Of course, as I am talking about professors, I do have to tell you that I don't know how it works for every degree, but, in general, they treat the Erasmus students very well: they do not demand too much from them, and they are quite understanding about their basic level of Spanish. I will give you an example: I know of a professor, whose name I won't reveal, who would give every Erasmus student an 8. 5 out of 10, irrespective of what they did (I mean that's if they even did anything at all... ).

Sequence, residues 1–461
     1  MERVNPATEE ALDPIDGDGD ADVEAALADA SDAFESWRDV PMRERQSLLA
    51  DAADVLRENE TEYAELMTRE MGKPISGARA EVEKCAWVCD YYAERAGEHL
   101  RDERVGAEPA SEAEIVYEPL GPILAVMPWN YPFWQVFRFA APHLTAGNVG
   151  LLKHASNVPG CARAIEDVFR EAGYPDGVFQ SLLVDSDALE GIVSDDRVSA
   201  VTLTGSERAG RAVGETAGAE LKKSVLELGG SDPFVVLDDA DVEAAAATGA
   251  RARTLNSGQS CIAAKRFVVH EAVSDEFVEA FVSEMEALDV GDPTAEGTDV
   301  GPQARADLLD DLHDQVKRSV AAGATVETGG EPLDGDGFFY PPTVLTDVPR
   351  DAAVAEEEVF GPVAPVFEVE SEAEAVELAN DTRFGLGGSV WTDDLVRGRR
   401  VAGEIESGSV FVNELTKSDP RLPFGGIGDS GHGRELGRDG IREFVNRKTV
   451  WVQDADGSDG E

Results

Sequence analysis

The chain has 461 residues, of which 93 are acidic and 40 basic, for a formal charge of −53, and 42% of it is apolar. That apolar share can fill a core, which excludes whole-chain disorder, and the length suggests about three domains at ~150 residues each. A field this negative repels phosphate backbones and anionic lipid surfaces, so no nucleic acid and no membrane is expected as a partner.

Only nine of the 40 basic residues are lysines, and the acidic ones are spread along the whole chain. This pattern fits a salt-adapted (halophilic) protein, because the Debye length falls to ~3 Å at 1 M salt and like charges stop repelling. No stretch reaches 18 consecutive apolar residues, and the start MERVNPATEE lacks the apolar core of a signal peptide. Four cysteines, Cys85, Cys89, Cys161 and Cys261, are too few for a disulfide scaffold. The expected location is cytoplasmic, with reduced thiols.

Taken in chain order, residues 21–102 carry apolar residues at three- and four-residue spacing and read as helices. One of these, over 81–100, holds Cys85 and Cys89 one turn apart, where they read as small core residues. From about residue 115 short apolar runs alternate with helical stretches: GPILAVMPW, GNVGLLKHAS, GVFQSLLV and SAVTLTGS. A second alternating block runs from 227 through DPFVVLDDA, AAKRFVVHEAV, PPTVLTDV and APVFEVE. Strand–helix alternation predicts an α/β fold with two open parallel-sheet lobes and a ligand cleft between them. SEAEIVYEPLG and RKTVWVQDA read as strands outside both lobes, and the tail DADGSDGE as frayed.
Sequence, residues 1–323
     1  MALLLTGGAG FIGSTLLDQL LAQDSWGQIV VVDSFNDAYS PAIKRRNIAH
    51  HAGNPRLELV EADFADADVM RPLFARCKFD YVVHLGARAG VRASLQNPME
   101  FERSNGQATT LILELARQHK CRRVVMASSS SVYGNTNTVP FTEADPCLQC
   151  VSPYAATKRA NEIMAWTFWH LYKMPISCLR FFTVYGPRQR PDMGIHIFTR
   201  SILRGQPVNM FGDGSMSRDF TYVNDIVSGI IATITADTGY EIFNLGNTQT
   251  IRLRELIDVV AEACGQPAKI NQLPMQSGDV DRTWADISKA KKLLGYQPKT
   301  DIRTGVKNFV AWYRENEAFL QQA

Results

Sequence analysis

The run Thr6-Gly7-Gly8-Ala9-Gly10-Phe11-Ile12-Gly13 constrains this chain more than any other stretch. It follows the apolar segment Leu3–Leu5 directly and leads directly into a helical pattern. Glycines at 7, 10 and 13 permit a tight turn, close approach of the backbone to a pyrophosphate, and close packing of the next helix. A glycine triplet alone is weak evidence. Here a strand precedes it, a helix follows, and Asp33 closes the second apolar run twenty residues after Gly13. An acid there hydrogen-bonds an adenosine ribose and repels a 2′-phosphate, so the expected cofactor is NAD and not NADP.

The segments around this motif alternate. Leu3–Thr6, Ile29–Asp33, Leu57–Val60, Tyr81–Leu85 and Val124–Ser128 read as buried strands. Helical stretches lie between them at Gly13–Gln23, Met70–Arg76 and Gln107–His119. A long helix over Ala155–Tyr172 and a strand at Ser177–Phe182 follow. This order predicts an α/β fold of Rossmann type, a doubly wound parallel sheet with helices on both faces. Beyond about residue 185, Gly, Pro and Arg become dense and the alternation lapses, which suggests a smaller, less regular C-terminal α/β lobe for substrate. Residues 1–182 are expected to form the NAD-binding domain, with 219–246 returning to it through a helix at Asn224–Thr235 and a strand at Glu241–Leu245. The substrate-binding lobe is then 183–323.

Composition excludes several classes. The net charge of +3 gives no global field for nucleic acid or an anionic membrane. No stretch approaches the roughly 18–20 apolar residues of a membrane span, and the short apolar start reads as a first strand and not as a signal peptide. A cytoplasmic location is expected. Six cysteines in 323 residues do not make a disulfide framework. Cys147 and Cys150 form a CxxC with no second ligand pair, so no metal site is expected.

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Finally, I would like to talk to you about the (official) parties and events at the University of Murcia. From the end of September, lasting for pretty much the whole of October, the 'Bienvenida Universitaria (BUM)' is celebrated on campus, coinciding with the start of the academic year. The calendar of activities is extremely comprehensive: sports tournaments, organised trips, cinema trips and sporting events, conferences, exhibitions, workshops... the list goes on. However, the most highly anticipated event is, without a doubt, the BUM concert - well, it is the event that most people go to. The groups and singers that they bring to perform (they are usually pop-rock artists from Spain) give everyone an excuse to enjoy a fun night partying, laughing and drinking. The best thing about this week is the new people that you get to meet, especially when its your first year of university.